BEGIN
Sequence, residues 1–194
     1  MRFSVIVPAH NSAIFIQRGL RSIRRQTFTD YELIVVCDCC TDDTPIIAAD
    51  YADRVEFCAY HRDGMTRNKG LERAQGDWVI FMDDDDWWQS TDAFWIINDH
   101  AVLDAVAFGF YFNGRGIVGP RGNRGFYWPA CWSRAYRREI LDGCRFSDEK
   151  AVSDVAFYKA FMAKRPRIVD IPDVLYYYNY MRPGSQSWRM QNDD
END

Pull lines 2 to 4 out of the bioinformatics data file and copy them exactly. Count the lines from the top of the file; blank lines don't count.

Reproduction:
     1  MRFSVIVPAH NSAIFIQRGL RSIRRQTFTD YELIVVCDCC TDDTPIIAAD
    51  YADRVEFCAY HRDGMTRNKG LERAQGDWVI FMDDDDWWQS TDAFWIINDH
   101  AVLDAVAFGF YFNGRGIVGP RGNRGFYWPA CWSRAYRREI LDGCRFSDEK